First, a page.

Windows Active Directory Domain Services (AD DS) is a leading identity management solution for organizations of all sizes. At the core of Windows AD DS is the domain controller. The domain controller provides login services, group policies, domain naming services (DNS), and other identity management services for users and computers in a domain along with other enterprise management services.
In this course, we start by reviewing the Windows AD DS environment including forests and domains. Then we review considerations for deploying domain controllers in a virtualized environment, on-premises, and in Azure. Next, we look at use cases for deploying read-only domain controllers at locations where physical security cannot be guaranteed. Lastly, we examine flexible single master operations roles and how to locate and move them to support troubleshooting efforts.
- Deploy and manage domain controllers on-premises
- Deploy and manage domain controllers in Azure
- Deploy read-only domain controllers (RODCs)
- View, manage, and troubleshoot flexible single master operations (FSMO) roles
- System administrators with responsibilities for managing hybrid identities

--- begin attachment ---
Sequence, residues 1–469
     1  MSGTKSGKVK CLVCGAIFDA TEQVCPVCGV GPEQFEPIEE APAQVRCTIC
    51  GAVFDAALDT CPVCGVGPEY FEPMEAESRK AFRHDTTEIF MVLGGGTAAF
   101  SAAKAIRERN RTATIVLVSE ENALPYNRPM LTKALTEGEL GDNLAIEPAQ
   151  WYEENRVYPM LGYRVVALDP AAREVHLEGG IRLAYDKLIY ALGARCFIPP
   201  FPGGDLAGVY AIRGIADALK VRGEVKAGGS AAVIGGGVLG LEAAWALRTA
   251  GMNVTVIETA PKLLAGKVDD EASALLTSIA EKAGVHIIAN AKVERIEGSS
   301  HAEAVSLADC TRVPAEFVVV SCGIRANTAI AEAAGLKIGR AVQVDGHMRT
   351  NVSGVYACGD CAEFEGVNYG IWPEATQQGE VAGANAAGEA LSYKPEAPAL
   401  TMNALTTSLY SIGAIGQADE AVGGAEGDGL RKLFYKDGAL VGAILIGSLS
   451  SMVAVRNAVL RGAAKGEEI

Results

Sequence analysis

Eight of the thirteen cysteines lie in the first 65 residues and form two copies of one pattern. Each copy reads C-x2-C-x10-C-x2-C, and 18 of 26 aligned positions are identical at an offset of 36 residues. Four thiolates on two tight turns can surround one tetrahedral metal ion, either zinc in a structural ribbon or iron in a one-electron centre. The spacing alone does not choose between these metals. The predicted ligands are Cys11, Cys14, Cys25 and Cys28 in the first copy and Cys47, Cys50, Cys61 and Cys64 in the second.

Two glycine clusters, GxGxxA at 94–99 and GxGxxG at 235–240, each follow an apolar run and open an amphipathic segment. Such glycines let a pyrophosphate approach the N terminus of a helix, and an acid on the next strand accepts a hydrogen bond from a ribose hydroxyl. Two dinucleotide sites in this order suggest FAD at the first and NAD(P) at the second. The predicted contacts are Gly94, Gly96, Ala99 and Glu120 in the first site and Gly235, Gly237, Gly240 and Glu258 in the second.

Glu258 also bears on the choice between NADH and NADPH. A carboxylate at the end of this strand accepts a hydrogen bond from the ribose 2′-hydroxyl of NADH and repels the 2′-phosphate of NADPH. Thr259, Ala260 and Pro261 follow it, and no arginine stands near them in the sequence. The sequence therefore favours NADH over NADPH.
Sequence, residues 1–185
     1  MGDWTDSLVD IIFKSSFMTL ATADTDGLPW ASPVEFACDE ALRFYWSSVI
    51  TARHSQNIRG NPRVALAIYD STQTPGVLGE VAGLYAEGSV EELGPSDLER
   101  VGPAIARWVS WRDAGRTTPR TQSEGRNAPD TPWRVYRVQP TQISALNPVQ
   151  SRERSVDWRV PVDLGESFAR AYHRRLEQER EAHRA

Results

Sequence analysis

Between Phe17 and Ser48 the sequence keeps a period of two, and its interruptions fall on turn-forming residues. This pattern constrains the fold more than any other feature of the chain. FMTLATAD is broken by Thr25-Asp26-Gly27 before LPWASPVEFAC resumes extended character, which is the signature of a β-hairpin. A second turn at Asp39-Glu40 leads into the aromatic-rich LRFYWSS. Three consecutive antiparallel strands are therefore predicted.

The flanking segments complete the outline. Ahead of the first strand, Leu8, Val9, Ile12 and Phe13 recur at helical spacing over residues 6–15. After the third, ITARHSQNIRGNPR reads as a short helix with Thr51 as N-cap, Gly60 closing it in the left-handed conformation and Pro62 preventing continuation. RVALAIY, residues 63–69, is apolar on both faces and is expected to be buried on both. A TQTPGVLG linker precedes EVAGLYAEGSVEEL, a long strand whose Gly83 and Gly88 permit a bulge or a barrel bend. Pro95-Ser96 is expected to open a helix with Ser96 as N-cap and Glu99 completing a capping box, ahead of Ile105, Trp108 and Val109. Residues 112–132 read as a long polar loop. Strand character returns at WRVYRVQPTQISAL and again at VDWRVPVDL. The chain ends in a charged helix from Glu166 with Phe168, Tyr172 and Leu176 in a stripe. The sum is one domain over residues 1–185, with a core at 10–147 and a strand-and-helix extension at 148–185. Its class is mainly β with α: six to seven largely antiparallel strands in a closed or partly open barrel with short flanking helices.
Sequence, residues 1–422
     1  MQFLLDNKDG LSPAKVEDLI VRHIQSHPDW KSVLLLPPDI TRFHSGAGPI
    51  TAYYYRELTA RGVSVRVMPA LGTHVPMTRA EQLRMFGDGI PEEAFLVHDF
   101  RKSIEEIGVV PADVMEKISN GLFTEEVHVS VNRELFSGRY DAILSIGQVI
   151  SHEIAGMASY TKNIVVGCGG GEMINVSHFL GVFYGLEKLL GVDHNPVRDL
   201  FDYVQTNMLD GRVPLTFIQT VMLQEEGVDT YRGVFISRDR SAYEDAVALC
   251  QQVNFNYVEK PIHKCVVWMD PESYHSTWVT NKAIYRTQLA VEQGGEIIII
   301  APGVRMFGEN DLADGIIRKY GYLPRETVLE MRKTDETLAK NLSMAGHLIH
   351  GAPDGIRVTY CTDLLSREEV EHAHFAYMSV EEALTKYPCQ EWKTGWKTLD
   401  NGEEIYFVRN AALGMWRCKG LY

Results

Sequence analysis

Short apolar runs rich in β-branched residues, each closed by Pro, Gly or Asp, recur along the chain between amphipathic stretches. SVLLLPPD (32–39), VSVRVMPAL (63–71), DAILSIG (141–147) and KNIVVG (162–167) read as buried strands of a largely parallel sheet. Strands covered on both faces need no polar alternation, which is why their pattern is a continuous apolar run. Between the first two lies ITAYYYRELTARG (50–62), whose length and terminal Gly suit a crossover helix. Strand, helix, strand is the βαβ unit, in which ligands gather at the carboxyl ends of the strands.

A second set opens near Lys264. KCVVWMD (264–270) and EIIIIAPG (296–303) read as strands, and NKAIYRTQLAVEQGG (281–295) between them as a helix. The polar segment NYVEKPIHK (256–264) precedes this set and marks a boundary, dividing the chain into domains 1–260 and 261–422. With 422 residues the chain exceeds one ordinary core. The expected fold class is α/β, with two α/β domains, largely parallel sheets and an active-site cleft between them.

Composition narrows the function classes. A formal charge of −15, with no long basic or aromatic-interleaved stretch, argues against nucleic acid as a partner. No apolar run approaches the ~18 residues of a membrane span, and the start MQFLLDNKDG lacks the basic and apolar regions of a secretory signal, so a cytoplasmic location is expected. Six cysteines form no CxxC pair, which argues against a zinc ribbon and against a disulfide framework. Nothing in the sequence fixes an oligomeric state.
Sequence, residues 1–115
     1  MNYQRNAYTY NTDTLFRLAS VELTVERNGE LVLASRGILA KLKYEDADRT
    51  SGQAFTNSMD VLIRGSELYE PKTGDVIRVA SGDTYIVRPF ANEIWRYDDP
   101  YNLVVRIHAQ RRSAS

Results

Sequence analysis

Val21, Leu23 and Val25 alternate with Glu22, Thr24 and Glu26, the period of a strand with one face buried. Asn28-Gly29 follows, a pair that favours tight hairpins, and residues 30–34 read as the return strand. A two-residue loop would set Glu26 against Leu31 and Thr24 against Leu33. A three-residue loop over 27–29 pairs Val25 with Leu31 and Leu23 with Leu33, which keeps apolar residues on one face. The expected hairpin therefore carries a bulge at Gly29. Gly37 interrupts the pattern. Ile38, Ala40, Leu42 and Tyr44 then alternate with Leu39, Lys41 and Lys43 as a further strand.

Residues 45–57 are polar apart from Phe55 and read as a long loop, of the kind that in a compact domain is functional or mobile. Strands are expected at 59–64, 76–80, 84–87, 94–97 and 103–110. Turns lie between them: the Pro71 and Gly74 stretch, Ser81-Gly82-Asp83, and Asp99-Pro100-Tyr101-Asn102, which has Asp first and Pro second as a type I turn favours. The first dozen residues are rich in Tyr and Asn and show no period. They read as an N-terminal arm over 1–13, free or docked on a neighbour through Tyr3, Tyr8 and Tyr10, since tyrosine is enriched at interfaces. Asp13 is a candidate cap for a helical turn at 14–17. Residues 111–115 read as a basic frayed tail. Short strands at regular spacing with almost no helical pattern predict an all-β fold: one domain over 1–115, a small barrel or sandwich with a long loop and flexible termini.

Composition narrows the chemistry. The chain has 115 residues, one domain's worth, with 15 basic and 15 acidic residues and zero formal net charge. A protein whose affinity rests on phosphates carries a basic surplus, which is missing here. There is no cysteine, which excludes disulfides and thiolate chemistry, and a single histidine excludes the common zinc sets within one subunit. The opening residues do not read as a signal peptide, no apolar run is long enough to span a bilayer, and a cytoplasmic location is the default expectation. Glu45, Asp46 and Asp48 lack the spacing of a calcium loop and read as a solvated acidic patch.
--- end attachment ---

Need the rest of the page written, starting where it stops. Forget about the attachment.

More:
- Subject matter experts in configuring and managing Active Directory workload on-premises and in Azure
- Anyone preparing for the Azure AZ-800 Administering Windows Server Hybrid Core Infrastructure exam
- A basic understanding of deploying and managing Microsoft Windows servers
- Windows Server installation media and an environment to run Windows Server (trial available at https://www.microsoft.com/en-us/evalcenter/evaluate-windows-server-2022)
Let's get started with a demo on Deploying a Read-Only Domain Controller. This will build on previous demos. There's a domain controller in the environment. That was created in the edinalab.local domain for this example. Please see the previous lectures if you need to create a domain. We start with a Windows Server with a data drive for the Active Directory partition. This too has already been created for the demo. The server that will become the read-only domain controller requires network connectivity to the existing domain controller. That includes configuring the DNS settings to use an Active Directory aware DNS server.
In this demonstration, that DNS server is the existing domain controller. We also need a domain admin account to configure the read-only domain controller. The upcoming example can be run in Azure or on-premises with hardware or a virtual environment. Let's get started on the computer that will become our read-only domain controller. Here we are on the computer that will become our read-only domain controller. Let's start by adding the Active Directory Domain Services role to the server from the Server Manager. This follows the same process we use to create the domain controller. Click 'Next' until we reach server roles. Select 'Active Directory Domain Services', add all the features. Go 'Next' to confirmation and 'Install'. This will take a minute to install, I'll pause here until it's finished. That finished, we can 'Close' to continue.